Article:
© 2012 Pearson Education. Upper Saddle River, NJ, 07458.
All rights reserved.
Comparator with Hysteresis
To avoid this, hysteresis can be used.
Hysteresis is incorporated by adding regenerative (positive) feedback, which
creates two switching points:
The upper trigger point (UTP) and the lower trigger point (LTP).
After one trigger point is crossed, it becomes inactive and the other one
becomes active.
VUTP
Vin 0
t
VLTP
+Vout (max)
–Vout(max)
Electronic Devices, 9th edition
Thomas L. Floyd
© 2012 Pearson Education. Upper Saddle River, NJ, 07458.
All rights reserved.
Output Bounding
Some applications require a limit to the output of the
comparator (such as a digital circuit). The output can be
limited by using one or two Zener diodes in the feedback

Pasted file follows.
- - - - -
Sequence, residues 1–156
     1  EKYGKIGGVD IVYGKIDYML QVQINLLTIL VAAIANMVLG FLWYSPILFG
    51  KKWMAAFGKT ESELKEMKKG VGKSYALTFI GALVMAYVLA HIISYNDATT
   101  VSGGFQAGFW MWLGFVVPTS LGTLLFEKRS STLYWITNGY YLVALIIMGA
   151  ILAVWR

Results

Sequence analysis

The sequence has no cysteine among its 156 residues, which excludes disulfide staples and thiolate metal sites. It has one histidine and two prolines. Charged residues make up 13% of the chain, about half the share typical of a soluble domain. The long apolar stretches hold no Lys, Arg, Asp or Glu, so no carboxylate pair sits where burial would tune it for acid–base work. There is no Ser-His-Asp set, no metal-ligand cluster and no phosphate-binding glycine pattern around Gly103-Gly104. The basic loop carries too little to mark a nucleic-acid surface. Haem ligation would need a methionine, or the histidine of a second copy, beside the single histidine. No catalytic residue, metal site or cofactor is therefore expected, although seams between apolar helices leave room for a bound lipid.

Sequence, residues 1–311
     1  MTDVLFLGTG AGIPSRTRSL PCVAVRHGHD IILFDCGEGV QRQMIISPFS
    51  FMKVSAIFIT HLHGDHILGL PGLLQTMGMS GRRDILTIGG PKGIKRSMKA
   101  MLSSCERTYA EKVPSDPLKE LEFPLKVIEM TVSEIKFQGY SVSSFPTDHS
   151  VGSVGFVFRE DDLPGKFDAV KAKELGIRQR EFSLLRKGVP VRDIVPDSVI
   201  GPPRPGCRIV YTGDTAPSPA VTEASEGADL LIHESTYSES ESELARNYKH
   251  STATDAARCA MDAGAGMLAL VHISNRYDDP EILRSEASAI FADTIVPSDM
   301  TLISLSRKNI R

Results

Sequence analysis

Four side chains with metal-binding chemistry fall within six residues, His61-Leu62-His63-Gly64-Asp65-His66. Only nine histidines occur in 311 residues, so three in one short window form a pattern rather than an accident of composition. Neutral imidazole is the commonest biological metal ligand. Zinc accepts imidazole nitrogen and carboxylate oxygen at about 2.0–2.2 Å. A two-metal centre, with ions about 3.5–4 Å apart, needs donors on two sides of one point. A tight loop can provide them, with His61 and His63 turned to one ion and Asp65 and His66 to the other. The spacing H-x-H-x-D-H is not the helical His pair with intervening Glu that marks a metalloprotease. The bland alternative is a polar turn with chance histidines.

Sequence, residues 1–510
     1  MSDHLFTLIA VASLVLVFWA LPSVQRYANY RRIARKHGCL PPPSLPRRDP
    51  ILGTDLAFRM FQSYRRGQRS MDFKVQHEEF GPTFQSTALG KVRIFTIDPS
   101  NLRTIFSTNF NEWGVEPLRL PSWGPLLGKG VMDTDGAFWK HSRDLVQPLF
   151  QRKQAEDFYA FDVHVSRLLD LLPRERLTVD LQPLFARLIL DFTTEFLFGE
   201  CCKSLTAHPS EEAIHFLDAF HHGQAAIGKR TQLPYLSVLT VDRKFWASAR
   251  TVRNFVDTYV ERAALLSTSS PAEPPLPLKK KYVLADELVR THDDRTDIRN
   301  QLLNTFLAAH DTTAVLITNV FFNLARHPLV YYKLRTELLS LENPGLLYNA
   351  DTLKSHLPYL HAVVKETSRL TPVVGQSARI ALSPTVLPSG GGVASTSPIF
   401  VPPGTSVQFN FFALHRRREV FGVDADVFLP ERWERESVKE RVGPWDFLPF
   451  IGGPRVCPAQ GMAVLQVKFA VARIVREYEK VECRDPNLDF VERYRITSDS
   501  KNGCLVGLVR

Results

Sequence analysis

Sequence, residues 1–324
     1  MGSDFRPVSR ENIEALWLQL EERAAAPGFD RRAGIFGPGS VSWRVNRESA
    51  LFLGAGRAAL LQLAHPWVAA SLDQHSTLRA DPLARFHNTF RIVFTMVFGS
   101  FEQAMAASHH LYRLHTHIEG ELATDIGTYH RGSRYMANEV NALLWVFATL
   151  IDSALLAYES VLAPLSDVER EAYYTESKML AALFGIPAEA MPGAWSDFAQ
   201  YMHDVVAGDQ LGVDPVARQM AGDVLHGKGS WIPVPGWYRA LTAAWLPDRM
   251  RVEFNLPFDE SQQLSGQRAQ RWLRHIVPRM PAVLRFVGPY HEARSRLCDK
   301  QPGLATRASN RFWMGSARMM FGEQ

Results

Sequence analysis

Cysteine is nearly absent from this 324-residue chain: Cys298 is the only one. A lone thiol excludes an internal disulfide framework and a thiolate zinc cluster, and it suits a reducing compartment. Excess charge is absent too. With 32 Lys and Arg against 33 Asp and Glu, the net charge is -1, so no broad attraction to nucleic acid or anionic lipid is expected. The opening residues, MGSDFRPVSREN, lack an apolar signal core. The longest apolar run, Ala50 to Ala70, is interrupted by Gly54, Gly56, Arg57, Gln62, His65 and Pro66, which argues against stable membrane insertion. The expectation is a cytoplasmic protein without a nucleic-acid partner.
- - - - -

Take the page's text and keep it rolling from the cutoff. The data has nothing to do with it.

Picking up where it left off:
circuit.
The circuit shown here is bounded as a positive value equal to
the zener breakdown voltage.
Vin
Ri
0V
+VZ
–
0
+
Electronic Devices, 9th edition
Thomas L. Floyd
–0.7 V
© 2012 Pearson Education. Upper Saddle River, NJ, 07458.
All rights reserved.
Comparator Applications
 Flash analog-to-digital converters use
2n-1 comparators to convert an analog
input to a digital value of n bits for
processing.
VREF
R
Vin
(analog)
Op-amp
comparators
+
–
R
+
–
 Flash ADCs are a series of
comparators, each with a slightly
different reference voltage.
R
R
R
 The priority encoder produces an output
equal to the highest value input.
–
(7)
(6)
+
(5)
(4)
–
(3)
(2)
+
(1)
(0)
–
R
+
–
R
Priority
encoder
+
D2
D1
D0
Binary
output
Enable
input
+
–
R
Electronic Devices, 9th edition
Thomas L. Floyd
© 2012 Pearson Education. Upper Saddle River, NJ, 07458.
All rights reserved.
Summing Amplifier